Control - Actions or procedures taken by commanders and leaders to execute fires at initial contact and during sustained engagements. Controls should be used to obtain the desired volume and sustainment of fires. Controls affect sustainment of fires, such as directing controlled bursts of two to three rounds or five to tens rounds. Controls also influence the volume of fire and can be used to economize ammunition usage. At platoon, company, battalion, and even brigade levels, leaders are responsible for controlling the fires of their vehicles and integrating the fire support systems and close air support assigned to their unit's area of operation. Leaders must position themselves forward to direct the battle their soldiers fight. To ensure mission success, leaders must plan and rehearse their role in conjunction with the unit's fire plan.

Fire Distribution - The relationship of positioning combat power to achieve a desired outcome against an enemy position, formation, or unit. Fire distribution is also a characteristic of the direct fire plan and should be addressed in the unit rehearsal. To achieve distributed weapons effects on an enemy formation, units must coordinate with adjacent units within a command and integrate all available fires, assigning clear engagement criteria, and prioritizing which targets should be destroyed first.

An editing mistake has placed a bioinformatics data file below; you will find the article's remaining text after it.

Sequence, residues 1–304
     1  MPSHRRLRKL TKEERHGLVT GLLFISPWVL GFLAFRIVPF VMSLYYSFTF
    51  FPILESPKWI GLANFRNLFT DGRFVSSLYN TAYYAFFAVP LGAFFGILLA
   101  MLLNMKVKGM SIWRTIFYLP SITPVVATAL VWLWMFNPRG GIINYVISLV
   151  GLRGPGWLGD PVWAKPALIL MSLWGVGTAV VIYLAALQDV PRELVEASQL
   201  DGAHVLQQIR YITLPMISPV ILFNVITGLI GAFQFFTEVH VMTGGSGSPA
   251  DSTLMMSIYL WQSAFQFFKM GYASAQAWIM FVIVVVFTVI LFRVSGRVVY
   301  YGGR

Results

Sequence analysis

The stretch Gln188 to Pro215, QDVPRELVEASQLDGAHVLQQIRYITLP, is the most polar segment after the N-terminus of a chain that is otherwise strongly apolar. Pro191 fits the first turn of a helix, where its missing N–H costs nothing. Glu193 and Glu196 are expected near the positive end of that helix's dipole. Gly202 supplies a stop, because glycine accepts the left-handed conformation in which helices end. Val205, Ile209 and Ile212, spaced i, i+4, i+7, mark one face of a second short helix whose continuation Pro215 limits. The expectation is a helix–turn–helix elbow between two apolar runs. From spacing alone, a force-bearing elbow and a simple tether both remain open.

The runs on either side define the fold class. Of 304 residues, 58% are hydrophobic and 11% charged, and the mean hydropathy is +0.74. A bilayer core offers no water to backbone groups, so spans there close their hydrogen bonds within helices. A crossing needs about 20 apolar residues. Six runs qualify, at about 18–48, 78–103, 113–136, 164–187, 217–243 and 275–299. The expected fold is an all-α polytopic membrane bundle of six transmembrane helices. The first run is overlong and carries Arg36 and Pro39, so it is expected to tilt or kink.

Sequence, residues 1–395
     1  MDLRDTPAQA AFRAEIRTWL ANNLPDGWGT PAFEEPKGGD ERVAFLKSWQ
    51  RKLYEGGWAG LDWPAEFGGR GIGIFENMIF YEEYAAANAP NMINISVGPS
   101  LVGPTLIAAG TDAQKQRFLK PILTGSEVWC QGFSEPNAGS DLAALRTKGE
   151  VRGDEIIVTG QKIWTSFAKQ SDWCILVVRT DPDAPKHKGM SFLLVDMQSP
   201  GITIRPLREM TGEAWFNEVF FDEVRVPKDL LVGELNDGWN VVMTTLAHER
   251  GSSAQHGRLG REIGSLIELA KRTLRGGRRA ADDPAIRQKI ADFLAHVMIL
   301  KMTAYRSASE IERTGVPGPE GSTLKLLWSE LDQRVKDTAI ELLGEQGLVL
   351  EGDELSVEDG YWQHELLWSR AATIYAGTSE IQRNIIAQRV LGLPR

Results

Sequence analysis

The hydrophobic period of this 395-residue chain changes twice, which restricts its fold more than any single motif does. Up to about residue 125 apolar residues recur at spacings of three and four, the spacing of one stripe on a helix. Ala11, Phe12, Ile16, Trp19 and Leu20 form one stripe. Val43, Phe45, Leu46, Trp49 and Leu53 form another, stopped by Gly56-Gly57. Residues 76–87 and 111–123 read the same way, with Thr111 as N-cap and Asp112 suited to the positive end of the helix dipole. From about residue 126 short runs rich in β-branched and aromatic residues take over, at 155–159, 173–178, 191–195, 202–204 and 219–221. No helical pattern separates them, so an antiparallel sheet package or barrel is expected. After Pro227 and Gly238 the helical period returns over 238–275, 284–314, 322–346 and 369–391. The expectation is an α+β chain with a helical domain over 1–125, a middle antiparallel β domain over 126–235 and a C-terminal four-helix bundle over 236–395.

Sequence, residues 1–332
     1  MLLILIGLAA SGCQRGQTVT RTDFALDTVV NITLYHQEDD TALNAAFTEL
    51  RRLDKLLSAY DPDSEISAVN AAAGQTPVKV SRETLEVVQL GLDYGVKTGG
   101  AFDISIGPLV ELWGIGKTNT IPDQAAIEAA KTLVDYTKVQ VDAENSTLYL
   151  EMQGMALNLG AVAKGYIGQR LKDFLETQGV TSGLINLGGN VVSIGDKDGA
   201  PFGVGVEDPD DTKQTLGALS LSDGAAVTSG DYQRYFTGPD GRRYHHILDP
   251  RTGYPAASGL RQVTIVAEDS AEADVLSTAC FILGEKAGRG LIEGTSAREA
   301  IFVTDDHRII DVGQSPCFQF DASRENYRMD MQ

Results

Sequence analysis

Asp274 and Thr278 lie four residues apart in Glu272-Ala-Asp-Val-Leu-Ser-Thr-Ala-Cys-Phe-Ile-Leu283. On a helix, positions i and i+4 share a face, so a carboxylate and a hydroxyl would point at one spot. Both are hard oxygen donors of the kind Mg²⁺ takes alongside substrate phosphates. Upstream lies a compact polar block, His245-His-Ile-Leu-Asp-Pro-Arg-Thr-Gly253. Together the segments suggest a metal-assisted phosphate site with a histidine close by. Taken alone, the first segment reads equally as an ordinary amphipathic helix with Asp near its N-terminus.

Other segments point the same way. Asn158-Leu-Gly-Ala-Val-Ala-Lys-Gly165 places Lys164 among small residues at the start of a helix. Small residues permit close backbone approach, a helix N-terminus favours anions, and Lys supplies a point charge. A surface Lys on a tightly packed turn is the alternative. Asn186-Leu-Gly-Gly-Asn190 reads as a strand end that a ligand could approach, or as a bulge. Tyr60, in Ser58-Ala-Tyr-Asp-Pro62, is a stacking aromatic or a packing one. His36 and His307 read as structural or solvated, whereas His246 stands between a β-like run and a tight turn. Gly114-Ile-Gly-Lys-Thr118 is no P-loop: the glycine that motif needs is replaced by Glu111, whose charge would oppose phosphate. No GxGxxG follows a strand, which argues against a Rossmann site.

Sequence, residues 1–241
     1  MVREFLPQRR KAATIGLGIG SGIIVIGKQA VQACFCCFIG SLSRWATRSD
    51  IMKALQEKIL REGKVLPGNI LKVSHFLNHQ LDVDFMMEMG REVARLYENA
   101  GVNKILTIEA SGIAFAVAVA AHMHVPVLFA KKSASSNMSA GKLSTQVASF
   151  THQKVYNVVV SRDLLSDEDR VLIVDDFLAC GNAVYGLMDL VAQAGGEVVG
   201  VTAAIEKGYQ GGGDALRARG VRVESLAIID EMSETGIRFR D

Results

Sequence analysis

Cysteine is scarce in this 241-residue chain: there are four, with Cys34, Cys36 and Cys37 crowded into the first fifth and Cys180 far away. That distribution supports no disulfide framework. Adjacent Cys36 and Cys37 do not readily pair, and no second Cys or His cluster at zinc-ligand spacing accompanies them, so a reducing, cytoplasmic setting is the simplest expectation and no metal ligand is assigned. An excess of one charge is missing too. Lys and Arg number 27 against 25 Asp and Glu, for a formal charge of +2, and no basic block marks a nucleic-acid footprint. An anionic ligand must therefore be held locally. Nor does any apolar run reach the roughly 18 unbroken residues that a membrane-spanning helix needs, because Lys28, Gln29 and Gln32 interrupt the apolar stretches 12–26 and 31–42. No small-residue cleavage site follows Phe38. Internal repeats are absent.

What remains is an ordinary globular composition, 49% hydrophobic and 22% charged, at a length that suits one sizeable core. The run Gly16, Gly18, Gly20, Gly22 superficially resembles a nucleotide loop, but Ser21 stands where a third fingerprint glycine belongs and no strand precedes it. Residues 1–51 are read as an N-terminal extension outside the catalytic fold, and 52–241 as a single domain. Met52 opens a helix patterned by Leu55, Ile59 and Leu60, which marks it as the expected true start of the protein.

Shifting of Fires - The command to move the concentration and the effects of fires away from friendly maneuver forces to continue suppressing and destroying enemy formations. This technique is used to prevent endangering friendly forces, and is a characteristic of offensive direct fire plans. This is critical to the planning and execution of fire control to deny enemy freedom of action while maintaining the initiative to influence events. The key to shifting fires is that they must be planned, rehearsed and absolutely understood by everyone in the unit with a quick and concise method of confirmation understood by the unit.